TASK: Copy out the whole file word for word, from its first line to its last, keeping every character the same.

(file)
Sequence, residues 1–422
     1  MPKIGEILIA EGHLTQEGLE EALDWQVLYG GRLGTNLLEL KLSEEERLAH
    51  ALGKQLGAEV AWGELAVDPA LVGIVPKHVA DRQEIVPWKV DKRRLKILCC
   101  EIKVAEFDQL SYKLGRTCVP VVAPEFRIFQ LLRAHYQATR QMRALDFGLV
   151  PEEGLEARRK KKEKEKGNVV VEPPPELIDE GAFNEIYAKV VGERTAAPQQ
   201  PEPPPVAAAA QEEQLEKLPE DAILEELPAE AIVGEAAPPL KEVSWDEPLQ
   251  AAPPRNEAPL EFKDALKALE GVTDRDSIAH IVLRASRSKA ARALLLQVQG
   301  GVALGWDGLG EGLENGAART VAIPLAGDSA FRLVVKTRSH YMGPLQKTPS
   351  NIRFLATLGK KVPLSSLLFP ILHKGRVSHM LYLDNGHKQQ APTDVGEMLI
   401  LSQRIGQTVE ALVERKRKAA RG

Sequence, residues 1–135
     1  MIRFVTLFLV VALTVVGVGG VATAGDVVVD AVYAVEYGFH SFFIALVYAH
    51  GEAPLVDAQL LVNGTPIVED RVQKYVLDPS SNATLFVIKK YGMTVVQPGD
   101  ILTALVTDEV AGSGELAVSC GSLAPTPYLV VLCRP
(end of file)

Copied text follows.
Sequence, residues 1–422
     1  MPKIGEILIA EGHLTQEGLE EALDWQVLYG GRLGTNLLEL KLSEEERLAH
    51  ALGKQLGAEV AWGELAVDPA LVGIVPKHVA DRQEIVPWKV DKRRLKILCC
   101  EIKVAEFDQL SYKLGRTCVP VVAPEFRIFQ LLRAHYQATR QMRALDFGLV
   151  PEEGLEARRK KKEKEKGNVV VEPPPELIDE GAFNEIYAKV VGERTAAPQQ
   201  PEPPPVAAAA QEEQLEKLPE DAILEELPAE AIVGEAAPPL KEVSWDEPLQ
   251  AAPPRNEAPL EFKDALKALE GVTDRDSIAH IVLRASRSKA ARALLLQVQG
   301  GVALGWDGLG EGLENGAART VAIPLAGDSA FRLVVKTRSH YMGPLQKTPS
   351  NIRFLATLGK KVPLSSLLFP ILHKGRVSHM LYLDNGHKQQ APTDVGEMLI
   401  LSQRIGQTVE ALVERKRKAA RG

Sequence, residues 1–135
     1  MIRFVTLFLV VALTVVGVGG VATAGDVVVD AVYAVEYGFH SFFIALVYAH
    51  GEAPLVDAQL LVNGTPIVED RVQKYVLDPS SNATLFVIKK YGMTVVQPGD
   101  ILTALVTDEV AGSGELAVSC GSLAPTPYLV VLCRP